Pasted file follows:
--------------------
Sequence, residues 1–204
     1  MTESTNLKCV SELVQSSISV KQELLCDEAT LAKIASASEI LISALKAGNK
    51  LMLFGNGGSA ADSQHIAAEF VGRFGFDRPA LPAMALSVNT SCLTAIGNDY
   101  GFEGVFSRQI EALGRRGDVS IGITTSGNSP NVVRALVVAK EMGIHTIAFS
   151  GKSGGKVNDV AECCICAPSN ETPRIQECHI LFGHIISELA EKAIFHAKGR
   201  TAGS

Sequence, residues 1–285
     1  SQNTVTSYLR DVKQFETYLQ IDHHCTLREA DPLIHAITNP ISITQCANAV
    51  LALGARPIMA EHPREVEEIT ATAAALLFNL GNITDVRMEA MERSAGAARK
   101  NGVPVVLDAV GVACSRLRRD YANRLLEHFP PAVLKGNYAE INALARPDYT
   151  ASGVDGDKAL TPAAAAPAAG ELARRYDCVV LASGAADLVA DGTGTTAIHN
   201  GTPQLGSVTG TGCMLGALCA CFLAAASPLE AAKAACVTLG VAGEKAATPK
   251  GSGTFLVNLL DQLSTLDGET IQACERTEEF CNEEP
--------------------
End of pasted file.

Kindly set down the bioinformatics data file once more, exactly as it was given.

Sequence, residues 1–204
     1  MTESTNLKCV SELVQSSISV KQELLCDEAT LAKIASASEI LISALKAGNK
    51  LMLFGNGGSA ADSQHIAAEF VGRFGFDRPA LPAMALSVNT SCLTAIGNDY
   101  GFEGVFSRQI EALGRRGDVS IGITTSGNSP NVVRALVVAK EMGIHTIAFS
   151  GKSGGKVNDV AECCICAPSN ETPRIQECHI LFGHIISELA EKAIFHAKGR
   201  TAGS

Sequence, residues 1–285
     1  SQNTVTSYLR DVKQFETYLQ IDHHCTLREA DPLIHAITNP ISITQCANAV
    51  LALGARPIMA EHPREVEEIT ATAAALLFNL GNITDVRMEA MERSAGAARK
   101  NGVPVVLDAV GVACSRLRRD YANRLLEHFP PAVLKGNYAE INALARPDYT
   151  ASGVDGDKAL TPAAAAPAAG ELARRYDCVV LASGAADLVA DGTGTTAIHN
   201  GTPQLGSVTG TGCMLGALCA CFLAAASPLE AAKAACVTLG VAGEKAATPK
   251  GSGTFLVNLL DQLSTLDGET IQACERTEEF CNEEP